Lasers on the other hand work in a completely different manner.  You put two mirrors facing each other and bounce light back and forth between them.  One of the mirrors is slightly less reflective, so a tiny amount of light leaks through it at each bounce.  Then you put what's called a "gain medium" between the mirrors.  This is a medium where you can pump energy into the electrons to raise many of them to a precise higher energy state.  Because of the laws of quantum mechanics, when they drop back down to a given lower state,
they release a very precise amount of energy as a photon.  This alone isn't enough to create a laser, however.  The light bouncing between the two mirrors has to match that energy as well, so you have to place the mirrors just the right distance apart, so the wavelength of the light fits inside the space between the mirrors (actually it can be a full or a half wavelength).  "Lasing" happens when the light bouncing back and forth interacts with the electrons in the gain medium, causing them to drop down and emit photons which are identical to the photons bouncing back and forth.  The fact that they are identical is what gives lasers their very unique properties (known as coherence).  This emission is called "stimulated emission," which is a quantum phenomenon, where you need to have a photon pass by the excited electron to cause it to emit another identical photon.  Hence Light Amplification by Stimulated Emission of Radiation (LASER).  As another aside, you have to continually pump energy into the gain medium to continually re-excite those electrons.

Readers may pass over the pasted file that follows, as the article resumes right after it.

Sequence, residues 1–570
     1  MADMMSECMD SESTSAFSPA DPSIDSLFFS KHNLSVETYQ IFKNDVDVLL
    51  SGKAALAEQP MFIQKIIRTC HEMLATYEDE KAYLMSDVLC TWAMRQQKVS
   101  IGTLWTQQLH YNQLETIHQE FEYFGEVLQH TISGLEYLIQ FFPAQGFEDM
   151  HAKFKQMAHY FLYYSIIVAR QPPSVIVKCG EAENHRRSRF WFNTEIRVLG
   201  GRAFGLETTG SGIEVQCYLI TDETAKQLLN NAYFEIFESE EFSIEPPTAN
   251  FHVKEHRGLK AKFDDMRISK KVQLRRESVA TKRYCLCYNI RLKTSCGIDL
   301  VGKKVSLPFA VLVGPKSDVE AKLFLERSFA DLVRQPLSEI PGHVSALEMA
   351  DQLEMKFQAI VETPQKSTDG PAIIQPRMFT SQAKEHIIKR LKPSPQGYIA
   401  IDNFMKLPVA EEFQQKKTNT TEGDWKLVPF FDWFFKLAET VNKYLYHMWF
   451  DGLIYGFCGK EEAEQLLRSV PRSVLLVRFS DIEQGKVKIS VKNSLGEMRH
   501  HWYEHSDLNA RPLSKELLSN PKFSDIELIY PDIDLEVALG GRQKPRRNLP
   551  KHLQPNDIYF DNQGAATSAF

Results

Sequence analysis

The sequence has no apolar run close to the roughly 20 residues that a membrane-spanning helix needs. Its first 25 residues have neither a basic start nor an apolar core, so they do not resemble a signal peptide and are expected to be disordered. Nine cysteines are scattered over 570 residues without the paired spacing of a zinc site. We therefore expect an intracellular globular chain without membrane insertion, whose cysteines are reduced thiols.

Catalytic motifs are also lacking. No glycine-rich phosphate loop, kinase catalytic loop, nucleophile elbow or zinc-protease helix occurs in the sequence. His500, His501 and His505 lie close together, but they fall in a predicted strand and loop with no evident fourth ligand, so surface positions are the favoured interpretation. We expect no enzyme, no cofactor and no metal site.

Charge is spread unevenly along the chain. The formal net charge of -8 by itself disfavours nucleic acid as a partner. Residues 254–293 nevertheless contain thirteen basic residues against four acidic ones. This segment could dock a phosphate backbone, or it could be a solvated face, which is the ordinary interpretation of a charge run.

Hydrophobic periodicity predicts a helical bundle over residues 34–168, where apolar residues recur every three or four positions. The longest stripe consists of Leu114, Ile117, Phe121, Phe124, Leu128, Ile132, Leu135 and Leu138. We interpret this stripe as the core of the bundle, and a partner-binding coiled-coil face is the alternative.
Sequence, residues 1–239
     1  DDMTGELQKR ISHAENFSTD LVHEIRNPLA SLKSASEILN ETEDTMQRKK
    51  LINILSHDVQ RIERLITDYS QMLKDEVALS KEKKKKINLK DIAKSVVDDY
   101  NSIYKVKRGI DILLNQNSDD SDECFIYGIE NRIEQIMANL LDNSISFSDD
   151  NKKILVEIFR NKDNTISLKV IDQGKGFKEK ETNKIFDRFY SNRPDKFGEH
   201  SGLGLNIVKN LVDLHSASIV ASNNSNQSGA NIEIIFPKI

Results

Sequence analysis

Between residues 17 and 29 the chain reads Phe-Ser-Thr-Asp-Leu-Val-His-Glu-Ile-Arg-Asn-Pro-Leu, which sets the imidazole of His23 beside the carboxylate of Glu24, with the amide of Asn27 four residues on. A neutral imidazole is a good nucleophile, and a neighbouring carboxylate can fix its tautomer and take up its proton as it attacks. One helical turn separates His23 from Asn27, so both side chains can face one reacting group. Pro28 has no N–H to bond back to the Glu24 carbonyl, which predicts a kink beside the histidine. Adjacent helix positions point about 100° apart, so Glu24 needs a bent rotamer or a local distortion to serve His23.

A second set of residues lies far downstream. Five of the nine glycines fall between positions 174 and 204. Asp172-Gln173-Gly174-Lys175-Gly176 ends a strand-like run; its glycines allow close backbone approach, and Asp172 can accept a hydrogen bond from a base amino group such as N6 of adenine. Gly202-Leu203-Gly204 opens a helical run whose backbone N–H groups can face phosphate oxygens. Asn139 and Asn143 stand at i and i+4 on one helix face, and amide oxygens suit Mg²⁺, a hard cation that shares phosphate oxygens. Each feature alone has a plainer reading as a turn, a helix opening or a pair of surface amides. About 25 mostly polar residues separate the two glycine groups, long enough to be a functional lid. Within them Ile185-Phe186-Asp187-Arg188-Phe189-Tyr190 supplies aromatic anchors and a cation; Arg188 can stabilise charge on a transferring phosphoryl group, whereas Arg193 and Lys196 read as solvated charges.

At any rate, if you followed all or part of that, the photons coming out have a very narrow band of frequencies, given by the matching of the mirror cavity length with the properties of the gain medium.

The problem with coming up with a way of broadening the spectrum of a laser is that you generally want to preserve much of the coherence properties of the light.  The ways to preserve coherence while making a broader spectrum are to chop up your laser into short pulses (pulses by definition have a range of wavelengths) as BC said (the primary techniques are called Q-switching or mode locking) or to send it into a nonlinear medium, which can shift laser frequencies while maintaining coherence.  The supercontinuum lasers I mentioned use this technique.